The heart of Allentown: Delaware & Allen through the years

By Steve Cichon

This is the corner of Delaware and Allen as it appeared, looking north, in 1884.

It was the home of James Sawyer in 1880. He was an early businessman along the Central Wharf in Buffalo, eventually becoming a bank president and philanthropist. He worshiped at Westminster Presbyterian Church — the steeple of which is visible in the distance.

Also visible, in the foreground, are the streetcar tracks for the horse-drawn trolleys that plied Allen Street in the 1880s.

Sawyer died in 1881, and his daughter lived in the home until she sold it to a physician in 1908. The house played host to doctor’s offices, was the original home of the Mabel Danahy dress shop, and eventually became a Knights of Columbus hall.


Upstairs, a long line of artists living and worked in what was described as “one of the most cosmopolitan studio apartments in town” by the Courier-Express in 1947.

In 1962, the structure fell victim to a building boom along Delaware Avenue.

“Delaware Ave. is rapidly becoming the Park Ave. of Buffalo,” read a report in the Courier-Express.

“There is more construction now underway on the section of Delaware, between Gates Circle and downtown, than there has been at any other time in the last three decades.”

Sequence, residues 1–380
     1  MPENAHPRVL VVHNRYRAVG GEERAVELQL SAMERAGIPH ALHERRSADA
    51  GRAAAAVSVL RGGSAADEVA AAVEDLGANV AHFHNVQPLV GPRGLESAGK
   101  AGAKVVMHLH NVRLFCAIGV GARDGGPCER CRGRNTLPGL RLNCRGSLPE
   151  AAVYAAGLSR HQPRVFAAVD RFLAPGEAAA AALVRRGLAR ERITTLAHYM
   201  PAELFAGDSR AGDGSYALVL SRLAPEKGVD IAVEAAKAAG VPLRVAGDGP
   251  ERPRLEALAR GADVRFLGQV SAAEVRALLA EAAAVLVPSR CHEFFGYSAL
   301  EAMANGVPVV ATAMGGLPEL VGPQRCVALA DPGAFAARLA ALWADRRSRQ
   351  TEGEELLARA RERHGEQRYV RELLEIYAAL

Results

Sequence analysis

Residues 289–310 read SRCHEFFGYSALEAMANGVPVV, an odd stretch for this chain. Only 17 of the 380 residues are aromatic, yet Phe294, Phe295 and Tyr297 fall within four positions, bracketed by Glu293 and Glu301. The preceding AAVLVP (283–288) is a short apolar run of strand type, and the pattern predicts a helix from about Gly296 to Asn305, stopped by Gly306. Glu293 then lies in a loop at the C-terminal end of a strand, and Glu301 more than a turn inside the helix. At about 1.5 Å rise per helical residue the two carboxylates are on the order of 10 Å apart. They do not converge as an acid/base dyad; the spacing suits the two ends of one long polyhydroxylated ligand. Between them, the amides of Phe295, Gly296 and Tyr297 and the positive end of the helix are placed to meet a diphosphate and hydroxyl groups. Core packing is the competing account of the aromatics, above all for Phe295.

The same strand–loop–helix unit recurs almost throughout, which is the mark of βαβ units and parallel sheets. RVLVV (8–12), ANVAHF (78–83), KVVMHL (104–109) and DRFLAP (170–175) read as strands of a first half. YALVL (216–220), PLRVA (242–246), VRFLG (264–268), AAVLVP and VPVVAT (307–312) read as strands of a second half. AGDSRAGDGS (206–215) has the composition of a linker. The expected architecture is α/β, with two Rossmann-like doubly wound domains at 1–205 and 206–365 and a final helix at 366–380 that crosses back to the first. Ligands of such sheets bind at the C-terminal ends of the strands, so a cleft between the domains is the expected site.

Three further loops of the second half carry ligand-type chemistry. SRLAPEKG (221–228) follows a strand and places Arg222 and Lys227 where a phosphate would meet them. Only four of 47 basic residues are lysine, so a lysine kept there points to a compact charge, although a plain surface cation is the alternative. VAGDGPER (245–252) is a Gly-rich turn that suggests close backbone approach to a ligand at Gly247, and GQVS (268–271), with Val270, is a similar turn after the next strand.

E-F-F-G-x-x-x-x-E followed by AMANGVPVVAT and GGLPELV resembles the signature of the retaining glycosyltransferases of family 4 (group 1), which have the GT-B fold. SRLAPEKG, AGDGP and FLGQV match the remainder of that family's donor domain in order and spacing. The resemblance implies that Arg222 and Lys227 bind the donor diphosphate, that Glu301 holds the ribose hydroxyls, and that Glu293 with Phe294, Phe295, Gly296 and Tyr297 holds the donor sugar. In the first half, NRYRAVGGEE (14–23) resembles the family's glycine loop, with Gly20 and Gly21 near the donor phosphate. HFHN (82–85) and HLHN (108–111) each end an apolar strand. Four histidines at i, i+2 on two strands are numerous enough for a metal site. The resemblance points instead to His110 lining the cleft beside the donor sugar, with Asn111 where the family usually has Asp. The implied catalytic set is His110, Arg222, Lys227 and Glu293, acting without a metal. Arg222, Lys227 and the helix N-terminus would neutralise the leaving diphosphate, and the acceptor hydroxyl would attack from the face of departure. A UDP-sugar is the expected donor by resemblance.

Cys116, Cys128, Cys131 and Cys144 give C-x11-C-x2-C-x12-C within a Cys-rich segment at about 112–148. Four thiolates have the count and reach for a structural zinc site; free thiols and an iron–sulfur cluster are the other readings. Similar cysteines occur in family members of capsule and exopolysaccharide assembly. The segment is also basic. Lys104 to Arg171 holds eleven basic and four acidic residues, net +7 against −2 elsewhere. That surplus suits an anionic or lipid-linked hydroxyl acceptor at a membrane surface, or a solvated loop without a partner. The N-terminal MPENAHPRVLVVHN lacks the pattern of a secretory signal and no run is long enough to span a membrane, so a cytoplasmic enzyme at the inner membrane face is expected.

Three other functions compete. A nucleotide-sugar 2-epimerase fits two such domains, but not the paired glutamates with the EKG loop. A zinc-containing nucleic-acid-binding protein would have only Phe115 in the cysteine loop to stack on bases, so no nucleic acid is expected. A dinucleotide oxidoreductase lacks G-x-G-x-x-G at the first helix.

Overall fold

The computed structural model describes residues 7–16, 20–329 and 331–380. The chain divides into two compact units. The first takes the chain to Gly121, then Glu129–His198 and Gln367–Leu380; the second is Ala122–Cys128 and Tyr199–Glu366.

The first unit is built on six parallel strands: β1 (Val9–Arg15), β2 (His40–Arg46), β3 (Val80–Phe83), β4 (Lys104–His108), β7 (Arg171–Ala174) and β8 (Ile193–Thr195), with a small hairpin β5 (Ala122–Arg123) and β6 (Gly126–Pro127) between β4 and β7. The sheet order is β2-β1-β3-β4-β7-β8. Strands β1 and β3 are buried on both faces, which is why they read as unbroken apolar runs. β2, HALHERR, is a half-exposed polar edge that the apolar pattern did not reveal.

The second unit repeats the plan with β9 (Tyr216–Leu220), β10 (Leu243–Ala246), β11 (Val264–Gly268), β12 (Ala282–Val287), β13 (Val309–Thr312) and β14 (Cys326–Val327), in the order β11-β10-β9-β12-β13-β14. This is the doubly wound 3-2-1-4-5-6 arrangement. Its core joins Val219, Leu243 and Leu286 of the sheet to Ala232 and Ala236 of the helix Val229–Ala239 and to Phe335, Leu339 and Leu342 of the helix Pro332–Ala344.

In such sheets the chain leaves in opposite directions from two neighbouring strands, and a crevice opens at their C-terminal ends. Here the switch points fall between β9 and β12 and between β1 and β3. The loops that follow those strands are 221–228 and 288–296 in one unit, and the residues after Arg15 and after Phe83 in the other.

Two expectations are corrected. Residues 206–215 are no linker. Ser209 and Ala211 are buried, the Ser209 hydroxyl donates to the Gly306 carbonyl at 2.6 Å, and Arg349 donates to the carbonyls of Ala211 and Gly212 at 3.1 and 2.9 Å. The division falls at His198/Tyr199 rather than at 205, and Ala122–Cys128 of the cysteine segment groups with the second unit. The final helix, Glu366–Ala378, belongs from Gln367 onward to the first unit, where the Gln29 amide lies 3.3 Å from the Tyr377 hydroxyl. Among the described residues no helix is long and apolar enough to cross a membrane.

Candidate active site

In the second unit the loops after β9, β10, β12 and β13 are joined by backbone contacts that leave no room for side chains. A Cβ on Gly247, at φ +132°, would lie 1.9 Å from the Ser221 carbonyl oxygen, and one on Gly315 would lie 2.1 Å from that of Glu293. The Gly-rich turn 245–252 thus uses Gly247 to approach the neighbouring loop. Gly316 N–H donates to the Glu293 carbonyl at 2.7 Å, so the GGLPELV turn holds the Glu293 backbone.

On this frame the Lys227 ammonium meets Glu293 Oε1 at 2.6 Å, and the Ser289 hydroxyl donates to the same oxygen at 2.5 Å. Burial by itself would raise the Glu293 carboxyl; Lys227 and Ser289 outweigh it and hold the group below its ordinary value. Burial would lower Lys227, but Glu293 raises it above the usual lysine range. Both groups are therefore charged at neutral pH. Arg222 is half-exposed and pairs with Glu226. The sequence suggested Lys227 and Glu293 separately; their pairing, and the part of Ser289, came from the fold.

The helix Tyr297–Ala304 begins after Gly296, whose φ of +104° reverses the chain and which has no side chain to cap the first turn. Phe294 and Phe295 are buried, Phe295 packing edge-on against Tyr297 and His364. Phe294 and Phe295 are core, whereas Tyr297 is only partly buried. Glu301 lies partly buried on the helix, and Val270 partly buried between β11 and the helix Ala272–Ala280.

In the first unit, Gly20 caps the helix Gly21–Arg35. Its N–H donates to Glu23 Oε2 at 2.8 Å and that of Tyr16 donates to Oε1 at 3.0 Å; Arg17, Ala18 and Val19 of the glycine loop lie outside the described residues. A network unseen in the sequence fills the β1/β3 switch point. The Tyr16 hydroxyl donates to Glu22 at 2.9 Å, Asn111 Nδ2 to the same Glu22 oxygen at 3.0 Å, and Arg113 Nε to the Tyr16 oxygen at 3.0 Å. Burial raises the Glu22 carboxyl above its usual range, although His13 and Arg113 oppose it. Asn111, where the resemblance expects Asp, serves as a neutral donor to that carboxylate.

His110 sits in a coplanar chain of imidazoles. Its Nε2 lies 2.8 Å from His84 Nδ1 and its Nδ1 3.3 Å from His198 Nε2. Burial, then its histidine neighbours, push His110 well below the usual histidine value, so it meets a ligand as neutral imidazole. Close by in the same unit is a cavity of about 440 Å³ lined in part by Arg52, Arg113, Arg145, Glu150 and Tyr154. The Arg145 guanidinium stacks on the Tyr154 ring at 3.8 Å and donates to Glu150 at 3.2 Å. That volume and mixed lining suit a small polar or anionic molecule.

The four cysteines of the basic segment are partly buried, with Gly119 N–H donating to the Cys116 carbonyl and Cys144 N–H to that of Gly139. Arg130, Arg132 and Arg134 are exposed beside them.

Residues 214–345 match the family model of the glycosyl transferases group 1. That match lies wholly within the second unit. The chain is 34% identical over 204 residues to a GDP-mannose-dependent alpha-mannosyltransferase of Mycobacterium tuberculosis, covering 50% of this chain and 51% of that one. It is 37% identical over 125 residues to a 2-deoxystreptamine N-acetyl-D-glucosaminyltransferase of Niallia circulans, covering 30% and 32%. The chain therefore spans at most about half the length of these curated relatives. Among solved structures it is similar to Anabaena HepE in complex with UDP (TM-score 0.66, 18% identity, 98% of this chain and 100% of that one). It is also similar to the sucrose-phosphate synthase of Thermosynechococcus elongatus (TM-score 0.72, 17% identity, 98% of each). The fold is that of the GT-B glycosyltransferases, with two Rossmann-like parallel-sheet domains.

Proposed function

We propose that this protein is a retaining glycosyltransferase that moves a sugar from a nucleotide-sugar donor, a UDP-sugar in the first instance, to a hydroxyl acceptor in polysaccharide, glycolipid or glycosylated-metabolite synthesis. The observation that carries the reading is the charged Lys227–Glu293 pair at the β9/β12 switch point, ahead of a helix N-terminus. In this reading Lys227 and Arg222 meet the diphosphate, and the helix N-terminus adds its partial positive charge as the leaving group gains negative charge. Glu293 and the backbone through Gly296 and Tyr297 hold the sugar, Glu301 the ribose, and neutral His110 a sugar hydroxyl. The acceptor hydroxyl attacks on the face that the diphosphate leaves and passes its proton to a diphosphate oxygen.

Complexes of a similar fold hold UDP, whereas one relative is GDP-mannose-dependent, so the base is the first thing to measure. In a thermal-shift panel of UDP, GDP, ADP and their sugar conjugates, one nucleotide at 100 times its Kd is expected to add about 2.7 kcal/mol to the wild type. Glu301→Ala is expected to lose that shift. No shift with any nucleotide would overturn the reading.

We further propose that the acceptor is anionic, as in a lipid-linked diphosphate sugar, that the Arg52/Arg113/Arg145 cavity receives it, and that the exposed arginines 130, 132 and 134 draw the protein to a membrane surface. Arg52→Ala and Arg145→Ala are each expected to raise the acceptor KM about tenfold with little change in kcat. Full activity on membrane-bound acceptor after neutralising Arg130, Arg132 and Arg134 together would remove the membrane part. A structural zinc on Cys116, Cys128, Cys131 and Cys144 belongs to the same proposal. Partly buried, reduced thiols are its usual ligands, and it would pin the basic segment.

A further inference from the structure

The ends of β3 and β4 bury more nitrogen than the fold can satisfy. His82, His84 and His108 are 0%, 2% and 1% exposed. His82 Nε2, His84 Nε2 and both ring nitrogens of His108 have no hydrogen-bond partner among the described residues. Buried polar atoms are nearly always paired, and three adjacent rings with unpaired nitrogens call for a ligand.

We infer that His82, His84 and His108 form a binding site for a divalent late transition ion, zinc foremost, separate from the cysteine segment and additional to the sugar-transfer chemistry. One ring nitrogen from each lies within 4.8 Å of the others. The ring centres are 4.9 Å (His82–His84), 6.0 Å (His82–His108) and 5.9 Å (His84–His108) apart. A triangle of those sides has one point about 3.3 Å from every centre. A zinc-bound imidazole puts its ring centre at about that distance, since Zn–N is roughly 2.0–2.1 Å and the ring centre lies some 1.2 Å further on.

“The rapidly changing face of what is generally known as Buffalo’s most beautiful Avenue is a miracle of private redevelopment.”

The building is now home to Gurney, Becker and Bourne Realty and the McGuire Group.

What it Looked Like Wednesday: The changing look of Delaware Avenue

By Steve Cichon

Continuing our weeklong look at Delaware Avenue, today we look at several photos that show Buffalo’s traditionally most-aristocratic street resplendent in the trappings of eras gone by.

The still-standing home of Edward Butler, publisher of The Buffalo Evening News, at Delaware and North. (Buffalo Stories archives)

The northwest corner of Delaware at Allen. The building that is now the headquarters for Gurney, Becker, and Bourne was built in 1961.

Some scenes don’t look too much different, save the make and model of the vehicles more than a century later. Others are completely of another time.

A Sunday morning at Gates Circle, around 1900.

This is a turn of the century look at Temple Beth Zion and the 20th Century Club. The temple burned in 1961, the 20th Century Club remains strong and active.

Delaware and Virginia looking north, the second house in on the left belonged to Mark Twain.

Photography of the first decade of the 1900s was not prepared for the great speeds of the automobile—which often reached up to 15 to 10 miles an hour on city streets.

At the northeast corner of Delaware and Barker, a nine-story $500,000 luxury apartment building was going up next to the Bishop Fallon faculty house in 1962.